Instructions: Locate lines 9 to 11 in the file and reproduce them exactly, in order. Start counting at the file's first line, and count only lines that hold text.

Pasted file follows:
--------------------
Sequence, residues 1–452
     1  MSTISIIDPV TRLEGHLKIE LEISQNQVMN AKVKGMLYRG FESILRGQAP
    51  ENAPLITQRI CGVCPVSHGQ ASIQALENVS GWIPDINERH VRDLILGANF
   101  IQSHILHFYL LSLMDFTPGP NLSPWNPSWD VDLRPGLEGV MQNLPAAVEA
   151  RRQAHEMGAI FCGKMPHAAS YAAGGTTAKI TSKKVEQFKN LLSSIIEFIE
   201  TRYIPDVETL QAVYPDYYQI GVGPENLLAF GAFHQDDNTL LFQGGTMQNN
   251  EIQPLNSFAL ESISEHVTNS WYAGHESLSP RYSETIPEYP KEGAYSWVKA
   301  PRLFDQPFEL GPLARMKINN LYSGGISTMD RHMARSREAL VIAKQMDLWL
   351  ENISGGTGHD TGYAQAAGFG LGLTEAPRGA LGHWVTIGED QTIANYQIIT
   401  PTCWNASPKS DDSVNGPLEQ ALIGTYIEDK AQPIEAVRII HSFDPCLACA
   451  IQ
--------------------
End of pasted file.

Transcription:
   351  ENISGGTGHD TGYAQAAGFG LGLTEAPRGA LGHWVTIGED QTIANYQIIT
   401  PTCWNASPKS DDSVNGPLEQ ALIGTYIEDK AQPIEAVRII HSFDPCLACA
   451  IQ